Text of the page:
The first grader is introduced to arithmetic in a multisensory approach, bringing math to life, or life to math! A Waldorf teacher or inspired homeschooling parent will show the child that math is everywhere around us. Why should introduction to counting happen on a piece of paper, why not through observing caterpillars on a bush? One can tell stories of knights and golden apples, or Little Red Riding Hood delivering chocolate chip cookies to grandma and the animals of the forest! How many eggs did the three hens lay? Sing and stomp and clap on every other foot for even or odd numbers. Use math gnomes to show the operations (the ones pictured above were a family project as a gift for Wilson, our youngest).
I thought of using the scenario of pizza delivery math gnomes to teach the operations:
1. Have a mini pizza box for each child.
2. You or the child can make 12 slices of pizza, any toppings!
3. Then wait for someone to call your pizza delivery store.
(Singing with your hand like a phone to your ear):
Thank you for calling the math pizza gnomes,
We will bring pizza right to your home,
So tell me please, what kind would you like to buy,
Plus, minus, divide, or multiply?
Plus pizza, please.
One plus pizza, coming right up!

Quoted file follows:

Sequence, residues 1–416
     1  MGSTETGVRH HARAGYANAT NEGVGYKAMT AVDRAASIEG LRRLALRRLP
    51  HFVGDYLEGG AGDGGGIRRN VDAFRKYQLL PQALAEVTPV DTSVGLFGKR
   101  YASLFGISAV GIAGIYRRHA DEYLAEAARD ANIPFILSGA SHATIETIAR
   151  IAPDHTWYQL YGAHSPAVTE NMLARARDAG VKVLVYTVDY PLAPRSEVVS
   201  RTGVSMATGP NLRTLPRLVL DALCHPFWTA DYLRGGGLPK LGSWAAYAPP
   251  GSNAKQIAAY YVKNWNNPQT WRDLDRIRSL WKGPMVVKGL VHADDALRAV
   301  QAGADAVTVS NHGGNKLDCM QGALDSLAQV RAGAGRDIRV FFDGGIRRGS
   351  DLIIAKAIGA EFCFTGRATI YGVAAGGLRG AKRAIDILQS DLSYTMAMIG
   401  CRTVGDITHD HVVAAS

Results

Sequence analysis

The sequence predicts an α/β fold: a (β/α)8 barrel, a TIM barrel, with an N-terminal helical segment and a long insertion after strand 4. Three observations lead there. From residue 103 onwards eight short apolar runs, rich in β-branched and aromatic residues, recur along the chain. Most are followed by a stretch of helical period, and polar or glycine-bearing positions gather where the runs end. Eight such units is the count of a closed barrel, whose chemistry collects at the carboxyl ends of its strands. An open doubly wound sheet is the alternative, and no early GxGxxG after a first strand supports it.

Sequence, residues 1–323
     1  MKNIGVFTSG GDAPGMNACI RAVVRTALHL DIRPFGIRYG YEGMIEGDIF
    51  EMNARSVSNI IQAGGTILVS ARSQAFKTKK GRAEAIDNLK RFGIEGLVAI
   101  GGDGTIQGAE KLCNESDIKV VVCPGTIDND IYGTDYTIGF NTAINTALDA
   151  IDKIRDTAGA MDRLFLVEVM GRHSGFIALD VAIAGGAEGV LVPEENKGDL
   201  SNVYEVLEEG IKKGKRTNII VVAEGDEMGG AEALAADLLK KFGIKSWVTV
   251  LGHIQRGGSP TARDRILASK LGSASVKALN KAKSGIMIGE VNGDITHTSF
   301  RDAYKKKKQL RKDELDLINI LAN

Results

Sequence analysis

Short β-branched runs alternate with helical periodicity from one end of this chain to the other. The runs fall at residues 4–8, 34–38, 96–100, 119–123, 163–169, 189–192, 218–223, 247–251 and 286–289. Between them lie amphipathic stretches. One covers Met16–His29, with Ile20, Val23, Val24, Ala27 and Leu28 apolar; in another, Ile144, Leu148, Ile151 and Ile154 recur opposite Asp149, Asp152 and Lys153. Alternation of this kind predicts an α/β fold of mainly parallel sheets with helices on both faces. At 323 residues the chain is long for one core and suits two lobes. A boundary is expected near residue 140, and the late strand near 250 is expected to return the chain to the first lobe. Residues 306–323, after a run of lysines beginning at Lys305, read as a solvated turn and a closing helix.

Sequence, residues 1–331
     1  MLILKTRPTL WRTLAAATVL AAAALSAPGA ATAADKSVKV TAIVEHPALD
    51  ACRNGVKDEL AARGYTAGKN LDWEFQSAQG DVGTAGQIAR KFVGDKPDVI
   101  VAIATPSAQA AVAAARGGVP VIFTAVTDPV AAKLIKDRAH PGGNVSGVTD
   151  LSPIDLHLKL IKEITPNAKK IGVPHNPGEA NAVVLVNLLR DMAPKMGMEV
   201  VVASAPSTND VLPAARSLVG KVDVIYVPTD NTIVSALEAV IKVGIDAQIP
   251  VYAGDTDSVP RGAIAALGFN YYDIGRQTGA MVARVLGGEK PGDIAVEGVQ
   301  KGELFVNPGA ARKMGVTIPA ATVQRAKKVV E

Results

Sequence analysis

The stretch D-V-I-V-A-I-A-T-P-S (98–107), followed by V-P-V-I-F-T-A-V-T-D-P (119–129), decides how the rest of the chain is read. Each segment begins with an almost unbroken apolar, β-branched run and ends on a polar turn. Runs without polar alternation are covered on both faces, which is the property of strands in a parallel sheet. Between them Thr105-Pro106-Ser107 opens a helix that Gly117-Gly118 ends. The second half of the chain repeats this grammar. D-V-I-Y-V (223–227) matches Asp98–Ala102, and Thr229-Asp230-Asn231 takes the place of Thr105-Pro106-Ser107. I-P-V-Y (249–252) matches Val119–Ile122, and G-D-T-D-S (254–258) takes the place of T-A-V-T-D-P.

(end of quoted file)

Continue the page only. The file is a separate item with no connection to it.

All right children, let's bake five slices of pizza. Now put those slices in the box. Now let's bake three more, and put those in the box. Close your box, and let's deliver the pizza!
(The kids then skip or walk around the room and stop - at the person's house who ordered the pizza.)
All right, pizza gnomes, open your box and tell me, how many slices of pizza do you have?
You have so much creative freedom to really make math fun for the first grader. Here is a list of general math objectives for the first grader (this list is followed at Sacramento Waldorf, other schools may vary to some degree):
1. Concept of whole numbers, 1-12.
2. Counting forwards and backwards in a variety of ways.
3. The writing and reading of Roman and Arabic numerals.
4. The four mathematical operations.
5. Understanding of numerical magnitude.
6. Rhythmic counting by 1, 2, 3, 4, 5, and 10.
7. Mental and written math with the four operations.
8. Concept of whole which can be divided.
9. Odd and even numbers.
10. Number rhymes and patterns.
And if someone asks what is the most important number? You say one. One world. One body. One sun. And in the oneness, exists the many parts.